People of the “Nook”

Since we all have busy schedules, I’m sure it’s possible that you overlooked a rather significant birthday this month.  You see, it was four hundred years ago, this very month, that the King James Version was published.  Yes, it was in May of 1611 that the “modern translation,” the KJV was put into publication.  Whether you use the KJV or not, we all owe a debt of thanks to the translators of this Bible, and probably have little idea of how this particular translation has shaped our language, even four hundred years later.

But this article isn’t really about the KJV, but about our need to be flexible about forms.  For centuries, the word of God was recorded on scrolls.  I wonder if people were upset when those scrolls were replaced by “books” (codices).  The “books” certainly were different from that which the people were accustomed, but whether contained in scroll or book, the contents were the same.  Today, the “book” form of God’s word is giving way to “electronic” form.  God’s word is now contained in “smart phones,” “iPads,” and “eReaders.”  No longer is it uncommon to see a person rise to the pulpit for the Scripture reading only to pull out their phone.

Last Sunday, my college age son was asked at the last minute to do the Scripture reading before the sermon.  I noticed he didn’t have his “Bible” with him, so I offered him mine.  He simply said, “Dad, I have my Bible, it’s in my phone.”  So when he rose to read from God’s word, he didn’t open a scroll, nor did he open a book, but rather he turned on his phone.

Here’s the real point that I wish to make in this article.  When forms change, there’s a tendency in us, especially those of us who are a little older and have grown comfortable doing things a certain way, to resist those new forms.  But let us not lose sight of the difference between the form and the content.  Furthermore, let us not be too quick to judge one who “seems” to be playing with his phone all through church.  More than likely, that person is utilizing his Bible.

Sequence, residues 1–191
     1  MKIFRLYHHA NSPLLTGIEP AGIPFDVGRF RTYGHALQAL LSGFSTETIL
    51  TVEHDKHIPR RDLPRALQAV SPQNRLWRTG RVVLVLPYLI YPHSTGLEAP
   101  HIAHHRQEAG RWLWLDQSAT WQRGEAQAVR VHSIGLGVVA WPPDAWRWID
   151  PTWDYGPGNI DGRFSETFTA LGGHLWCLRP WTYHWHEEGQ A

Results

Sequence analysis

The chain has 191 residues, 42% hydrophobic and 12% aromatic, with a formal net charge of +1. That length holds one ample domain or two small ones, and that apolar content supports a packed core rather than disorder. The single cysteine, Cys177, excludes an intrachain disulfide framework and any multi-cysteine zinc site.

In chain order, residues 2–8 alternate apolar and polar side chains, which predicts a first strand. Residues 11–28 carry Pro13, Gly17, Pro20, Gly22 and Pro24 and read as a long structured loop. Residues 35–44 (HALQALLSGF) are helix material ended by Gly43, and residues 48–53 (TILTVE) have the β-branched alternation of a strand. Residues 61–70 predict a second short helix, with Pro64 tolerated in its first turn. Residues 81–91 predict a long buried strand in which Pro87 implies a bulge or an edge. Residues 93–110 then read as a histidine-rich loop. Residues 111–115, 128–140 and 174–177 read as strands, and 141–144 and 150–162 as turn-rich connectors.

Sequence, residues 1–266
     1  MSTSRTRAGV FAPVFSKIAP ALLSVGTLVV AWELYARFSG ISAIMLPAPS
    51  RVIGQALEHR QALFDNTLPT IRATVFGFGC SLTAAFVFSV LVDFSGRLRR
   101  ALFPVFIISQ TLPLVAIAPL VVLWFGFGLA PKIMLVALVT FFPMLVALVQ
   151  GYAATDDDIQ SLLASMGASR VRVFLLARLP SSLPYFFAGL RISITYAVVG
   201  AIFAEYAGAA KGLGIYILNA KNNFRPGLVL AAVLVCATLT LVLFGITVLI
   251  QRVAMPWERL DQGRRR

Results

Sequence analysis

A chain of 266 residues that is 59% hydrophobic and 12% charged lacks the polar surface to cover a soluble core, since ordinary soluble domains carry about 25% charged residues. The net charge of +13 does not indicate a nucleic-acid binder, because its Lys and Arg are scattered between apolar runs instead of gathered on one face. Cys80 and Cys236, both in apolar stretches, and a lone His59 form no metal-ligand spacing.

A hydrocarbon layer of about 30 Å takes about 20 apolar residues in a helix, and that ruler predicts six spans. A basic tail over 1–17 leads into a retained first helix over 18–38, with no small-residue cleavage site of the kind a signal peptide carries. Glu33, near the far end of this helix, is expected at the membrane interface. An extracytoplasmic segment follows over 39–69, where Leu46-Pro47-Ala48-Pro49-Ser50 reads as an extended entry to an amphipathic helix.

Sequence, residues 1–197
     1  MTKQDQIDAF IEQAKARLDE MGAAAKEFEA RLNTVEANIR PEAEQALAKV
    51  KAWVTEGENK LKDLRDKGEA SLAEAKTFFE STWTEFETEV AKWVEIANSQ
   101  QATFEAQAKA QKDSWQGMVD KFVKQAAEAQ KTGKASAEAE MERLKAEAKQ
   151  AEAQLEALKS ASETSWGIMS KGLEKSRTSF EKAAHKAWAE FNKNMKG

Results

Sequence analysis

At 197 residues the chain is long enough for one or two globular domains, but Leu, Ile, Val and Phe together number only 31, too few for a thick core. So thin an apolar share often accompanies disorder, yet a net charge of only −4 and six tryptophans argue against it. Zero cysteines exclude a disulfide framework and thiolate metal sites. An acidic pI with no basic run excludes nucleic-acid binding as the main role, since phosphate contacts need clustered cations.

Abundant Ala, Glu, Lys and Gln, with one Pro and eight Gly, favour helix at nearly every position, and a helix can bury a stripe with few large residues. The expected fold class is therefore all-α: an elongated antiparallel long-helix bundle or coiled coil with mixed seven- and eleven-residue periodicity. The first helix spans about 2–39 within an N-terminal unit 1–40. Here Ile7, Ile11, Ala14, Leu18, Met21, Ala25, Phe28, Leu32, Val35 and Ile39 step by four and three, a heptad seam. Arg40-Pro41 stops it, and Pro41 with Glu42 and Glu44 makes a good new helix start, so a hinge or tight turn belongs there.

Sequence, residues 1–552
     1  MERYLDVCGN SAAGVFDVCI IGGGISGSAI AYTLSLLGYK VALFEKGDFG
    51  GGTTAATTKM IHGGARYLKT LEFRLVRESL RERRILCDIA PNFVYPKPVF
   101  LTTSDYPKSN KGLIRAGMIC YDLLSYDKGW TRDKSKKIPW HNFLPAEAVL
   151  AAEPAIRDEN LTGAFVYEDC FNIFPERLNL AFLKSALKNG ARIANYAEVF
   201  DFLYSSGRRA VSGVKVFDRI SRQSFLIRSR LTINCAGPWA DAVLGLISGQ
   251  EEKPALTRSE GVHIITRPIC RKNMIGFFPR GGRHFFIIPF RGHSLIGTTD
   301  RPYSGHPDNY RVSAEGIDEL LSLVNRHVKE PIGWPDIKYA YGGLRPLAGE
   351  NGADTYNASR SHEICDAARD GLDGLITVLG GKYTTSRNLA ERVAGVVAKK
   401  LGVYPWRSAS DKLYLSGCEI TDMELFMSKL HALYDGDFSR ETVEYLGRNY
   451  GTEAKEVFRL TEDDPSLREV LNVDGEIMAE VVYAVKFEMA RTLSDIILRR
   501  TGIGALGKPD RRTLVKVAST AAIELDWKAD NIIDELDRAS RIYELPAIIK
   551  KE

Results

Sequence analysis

As far as I’m concerned, I don’t care if we are known as “People of the Book” or “People of the Nook” as long as we faithfully stand for and proclaim God’s message.  What do you think?

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Comments 6

  • I just think that you are correct.

  • Whether it is in print or in pixels, the word is still the word.

  • To me, all that matters is if they are reading God’s words, whether by phone,kindle or book, that’s great. young people feel comfortable with a phone, and that’s the way things are going. It may be some people feel uncomfortable carrying a Bible about with them? Using a phone to read while on a train means no one knows what you are reading.

    Me personally I love my 1943 King James Bible. There’s something special about it, it’s leather cover, and it may sound silly but I love the sound that the pages make when turning. One more thing; it never runs out of charge!

  • The Word of God has never changed. The way people have heard that Word has changed greatly through the years.

  • I’m definitely not opposed to the idea of utilizing technology to further our knowledge of the word of God. One concern I do have is that we may be tempting ourselves needlessly. The purpose of worship is that we limit our worldly distractions and focus our attention on God and the sacrifice He has given for our salvation. The problem with using a smart phone to read our Bible is that we are tempting ourselves to look at that text message that just arrived or to click on the newest app we downloaded. We as a society struggle to keep our attention focused on a 30-minute sermon; we need to ask ourselves if adding a tempting distraction (e.g. smart phone, iPad, Nook, etc.) will be a help or a hindrance to our spiritual lives.

  • Thanks for your perspective, Katie. I do agree with you that using such devices require discipline.

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